Is This The End of the American Century?

This site features updates, analysis, discussion and comments related to the theme of my book published by Rowman & Littlefield in 2008 (hardbound) and 2009 (paperbound).

The Book

The End of the American Century documents the interrelated dimensions of American social, economic, political and international decline, marking the end of a period of economic affluence and world dominance that began with World War II. The war on terror and the Iraq War exacerbated American domestic weakness and malaise, and its image and stature in the world community. Dynamic economic and political powers like China and the European Union are steadily challenging and eroding US global influence. This global shift will require substantial adjustments for U.S. citizens and leaders alike.

Friday, January 8, 2010

Cutting Education Budgets Further Weakens the U.S.

Indiana, like most states, is facing a budget crisis, and Governor Mitch Daniels (President Bush’s former Budget Director) recently proposed cutting $300 million from K-12 education budgets—3.5% of the total. This came on the heels of some searing stories in the Indianapolis Star about the dismal state of public schools in the city.

The Governor argued that he “had no choice.” But I am always wary when someone makes that assertion. We always have choices. The issue is priorities, not a lack of choice. Indiana had no difficulty, for example, raising $720 million to build a new professional football stadium.

Money alone will not solve the problems of public education in Indiana, or in the U.S. But inadequate funding is one of the problems, and budget cuts will simply exacerbate those problems. One reason that the U.S. is falling behind globally in education, and why Indiana is lagging nationally, is because of low levels of funding for education. According to U.N. figures, the U.S. ranks 45th among the countries of the world in public spending on education, as a proportion of the economy. Among the 50 states Indiana ranks #33 in per capita expenses for K-12 education (U.S. Census Bureau data).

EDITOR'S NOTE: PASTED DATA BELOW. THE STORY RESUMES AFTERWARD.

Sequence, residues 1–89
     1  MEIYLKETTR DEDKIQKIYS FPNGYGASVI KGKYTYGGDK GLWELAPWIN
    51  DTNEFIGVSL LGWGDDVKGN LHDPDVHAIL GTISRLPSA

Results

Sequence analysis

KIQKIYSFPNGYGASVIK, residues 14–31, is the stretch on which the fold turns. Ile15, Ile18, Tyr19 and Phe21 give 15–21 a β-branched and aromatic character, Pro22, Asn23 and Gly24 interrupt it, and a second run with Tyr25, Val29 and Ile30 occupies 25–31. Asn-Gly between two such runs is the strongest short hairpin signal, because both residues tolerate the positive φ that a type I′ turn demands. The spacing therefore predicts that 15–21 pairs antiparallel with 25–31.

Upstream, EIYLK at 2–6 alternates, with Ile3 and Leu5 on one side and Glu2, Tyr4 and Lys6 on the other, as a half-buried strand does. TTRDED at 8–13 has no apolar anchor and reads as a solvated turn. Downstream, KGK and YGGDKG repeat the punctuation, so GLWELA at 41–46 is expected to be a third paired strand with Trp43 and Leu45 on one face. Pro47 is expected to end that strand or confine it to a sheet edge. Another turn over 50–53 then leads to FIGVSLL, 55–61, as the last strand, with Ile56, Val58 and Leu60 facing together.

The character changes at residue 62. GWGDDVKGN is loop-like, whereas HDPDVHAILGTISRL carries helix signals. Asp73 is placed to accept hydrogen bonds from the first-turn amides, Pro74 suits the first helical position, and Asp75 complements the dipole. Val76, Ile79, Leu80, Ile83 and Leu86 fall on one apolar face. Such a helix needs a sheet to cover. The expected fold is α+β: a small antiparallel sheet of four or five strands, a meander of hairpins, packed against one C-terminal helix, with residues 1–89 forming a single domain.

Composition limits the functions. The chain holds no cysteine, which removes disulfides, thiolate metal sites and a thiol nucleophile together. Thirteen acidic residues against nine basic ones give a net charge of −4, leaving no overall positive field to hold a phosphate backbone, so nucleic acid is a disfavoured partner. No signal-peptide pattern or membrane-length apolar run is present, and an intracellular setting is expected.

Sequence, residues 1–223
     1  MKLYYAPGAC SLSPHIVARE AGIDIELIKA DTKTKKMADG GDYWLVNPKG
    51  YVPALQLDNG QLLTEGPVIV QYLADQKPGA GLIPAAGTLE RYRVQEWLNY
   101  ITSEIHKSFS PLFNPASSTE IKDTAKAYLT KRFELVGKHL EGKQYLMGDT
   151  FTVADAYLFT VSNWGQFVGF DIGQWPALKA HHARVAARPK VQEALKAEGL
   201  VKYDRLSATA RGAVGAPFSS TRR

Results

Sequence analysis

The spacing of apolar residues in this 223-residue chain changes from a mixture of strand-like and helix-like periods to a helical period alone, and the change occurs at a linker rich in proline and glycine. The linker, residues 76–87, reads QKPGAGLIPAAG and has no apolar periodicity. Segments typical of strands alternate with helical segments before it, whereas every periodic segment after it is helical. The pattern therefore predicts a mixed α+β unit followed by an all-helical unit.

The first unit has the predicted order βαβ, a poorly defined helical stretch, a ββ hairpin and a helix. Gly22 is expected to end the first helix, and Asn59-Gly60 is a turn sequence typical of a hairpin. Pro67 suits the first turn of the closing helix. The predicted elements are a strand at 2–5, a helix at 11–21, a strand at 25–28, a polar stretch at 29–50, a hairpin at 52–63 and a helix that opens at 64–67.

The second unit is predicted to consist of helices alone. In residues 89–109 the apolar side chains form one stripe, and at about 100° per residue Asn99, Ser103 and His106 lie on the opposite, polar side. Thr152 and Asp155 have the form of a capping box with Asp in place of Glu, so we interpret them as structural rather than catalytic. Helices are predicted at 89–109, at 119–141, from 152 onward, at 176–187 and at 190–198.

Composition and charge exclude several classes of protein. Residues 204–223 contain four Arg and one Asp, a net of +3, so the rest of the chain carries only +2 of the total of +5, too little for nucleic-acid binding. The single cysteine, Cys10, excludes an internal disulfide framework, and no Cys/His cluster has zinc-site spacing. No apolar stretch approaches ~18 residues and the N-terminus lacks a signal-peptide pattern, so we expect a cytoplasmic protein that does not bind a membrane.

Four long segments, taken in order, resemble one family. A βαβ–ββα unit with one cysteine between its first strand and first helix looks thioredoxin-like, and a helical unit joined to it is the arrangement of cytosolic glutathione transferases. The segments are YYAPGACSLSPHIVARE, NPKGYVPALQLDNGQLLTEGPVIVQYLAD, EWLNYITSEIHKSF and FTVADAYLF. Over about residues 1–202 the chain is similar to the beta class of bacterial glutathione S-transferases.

It should be no wonder, then, that our schools perform so poorly compared to others, both globally and nationally. The high school graduation rate in Indiana is 73%, placing us in the bottom half of the 50 states. Even worse, Indianapolis ranks dead last among the nation’s 50 largest cities in high school graduation rates

Our spending on education is low, in large part because our state revenues are low. While there has been a big hullabaloo about property taxes in the state, they are overall low compared to other states. As a proportion of household income, they rank 34th among the 50 states. Indiana’s income tax rate is also low, especially given the “flat” rate of 3.4%. Most states have “bracketed” tax rates (as for federal income taxes), which require wealthy people to pay a higher rate than poor people. Almost all such states have top brackets above 5% of income.

So we are getting what we pay for. We have low taxes, low funding for public education, and poor schools. One choice—a necessary one in my view—is to raise taxes, especially on those who can most afford it, and begin providing funding that the schools deserve. We have choices.

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